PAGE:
Whether it’s a flat profile picture or a three-dimensional avatar that you can pilot through spatial websites, there are more opportunities than ever to represent yourself on the internet.
Playing with the different games and platforms can be fun, but have you ever wanted to make one avatar for everything? Ready Player Me is working on it for the metaverse.
What Is Ready Player Me?
Ready Player Me is a project of Wolf3D, who specialize in 3D avatar generation for companies like HTC, Huawei, Tencent, and Vodafone.
While all of those companies might use Wolf3D for projects that only work on specific devices, applications, or experiences, Ready Player Me is available for users and works across a number of different websites and applications.
Using Ready Play Me, you can create an avatar to use across the metaverse and other VR platforms. It’s just like having a profile picture, only in 3D!
How to Get Started With Ready Player Me
Ready Player Me is free to use, but does require you to create an account by entering an email address. A confirmation code then gets sent to that email address to get you started.
The first step in creating your avatar is uploading a photograph of your face. Wolf3D’s deep-learning algorithms, fed by a database of over 20,000 proprietary scans of real people, then generates a 3D avatar.
Once your avatar has been made, you can fine-tune its makeup and hair, facial features, skin and eye color, and of course clothing and accessories.
Ready Player Me lets you have multiple avatars at once, and only the first one has to start with a photo. Your other avatars can look like you if you want, but they can also be completely different.
If you have any digital wearables, you can even equip these to your avatar by selecting Wardrobe from the menu on the left side of the page.
Then, you can either enter a redemption code that came with the asset or link a MetaMask wallet address. The latter is easiest if you have the MetaMask browser plug-in.
How to Connect Apps With Your Ready Player Me Account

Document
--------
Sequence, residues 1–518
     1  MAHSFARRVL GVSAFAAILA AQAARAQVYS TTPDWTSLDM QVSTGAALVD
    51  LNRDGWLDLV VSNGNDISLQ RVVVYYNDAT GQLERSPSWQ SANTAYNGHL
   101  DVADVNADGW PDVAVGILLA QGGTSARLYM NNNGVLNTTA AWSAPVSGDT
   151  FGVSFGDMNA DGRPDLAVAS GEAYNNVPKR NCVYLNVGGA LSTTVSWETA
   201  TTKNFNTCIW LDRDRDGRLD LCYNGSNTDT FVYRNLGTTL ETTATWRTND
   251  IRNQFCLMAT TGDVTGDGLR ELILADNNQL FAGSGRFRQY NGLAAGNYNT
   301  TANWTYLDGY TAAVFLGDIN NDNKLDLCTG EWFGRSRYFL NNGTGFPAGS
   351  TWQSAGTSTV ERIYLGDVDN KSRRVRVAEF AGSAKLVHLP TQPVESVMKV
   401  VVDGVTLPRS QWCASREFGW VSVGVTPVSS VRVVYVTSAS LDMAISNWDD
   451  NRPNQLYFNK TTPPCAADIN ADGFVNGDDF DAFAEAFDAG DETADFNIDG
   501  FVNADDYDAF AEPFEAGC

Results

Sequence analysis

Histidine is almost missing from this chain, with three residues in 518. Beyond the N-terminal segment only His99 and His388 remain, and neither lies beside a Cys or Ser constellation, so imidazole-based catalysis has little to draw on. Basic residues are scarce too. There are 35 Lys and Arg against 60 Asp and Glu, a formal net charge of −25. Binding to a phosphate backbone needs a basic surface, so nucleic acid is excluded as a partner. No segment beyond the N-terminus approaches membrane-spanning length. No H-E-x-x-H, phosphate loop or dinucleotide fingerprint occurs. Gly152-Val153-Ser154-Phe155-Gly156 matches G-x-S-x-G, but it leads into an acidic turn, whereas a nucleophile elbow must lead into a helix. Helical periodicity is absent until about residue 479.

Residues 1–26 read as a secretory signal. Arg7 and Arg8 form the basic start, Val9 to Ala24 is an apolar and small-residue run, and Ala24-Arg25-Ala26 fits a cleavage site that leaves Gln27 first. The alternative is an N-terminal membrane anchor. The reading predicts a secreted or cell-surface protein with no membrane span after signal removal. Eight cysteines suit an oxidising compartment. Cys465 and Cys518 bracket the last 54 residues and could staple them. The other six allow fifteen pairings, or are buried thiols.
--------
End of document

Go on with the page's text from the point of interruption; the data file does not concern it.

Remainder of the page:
So, what is all of this work for? Where can you take your Ready Player Me avatar? There are currently over a thousand different websites, applications, and platforms that are compatible with Ready Player Me.
Most of those are smaller projects or niche communities. However, some are relatively big players including Mozilla Hubs, MeetinVR, and VRChat. That’s handy because VRChat and Mozilla Hubs in particular have impossibly clunky avatar customization tools.
To see a full list of websites, apps, and platforms compatible with Ready Player Me, click Discover Apps in the menu on the side of the pane.
The default setting, Discover, shows you all participating platforms grouped into categories like “Most Popular” and “Business and Productivity.”
If you are looking for a particular app, change the slider at the top of the page to All Apps A-Z and scroll to find what you’re looking for.
Unfortunately, there’s no search bar. If the app that you’re looking for isn’t listed, keep coming back. New projects collaborate with Ready Player Me all the time.
Once you’ve found an app that you want to connect, click the View App button on the thumbnail. Then, change the slider from App Overview to How to Connect to get a set of instructions.
Unfortunately, there’s no one workflow. Connecting in-browser experiences like Mozilla Hubs is as easy as copy-and-pasting a link.
Connecting independent apps like VRChat is a little trickier–and the connection may not be supported on all hardware versions of that app. For example, VRChat is compatible, but not if you use VRChat through Steam or Oculus.
Come as You Are With a Ready Player Me Avatar
Many of us are spending more and more time in virtual worlds. And the power over how we present ourselves in those virtual worlds is important.
While many of us don’t have the tools to represent ourselves how we might like in many of those virtual worlds, Ready Player Me is giving us that control.
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About The Author
Johnathan Jaehnig (108 Articles Published)
Jon Jaehnig is a freelance writer/editor interested in exponential technologies. Jon has a BS in Scientific and Technical Communication with a minor in Journalism from Michigan Technological University.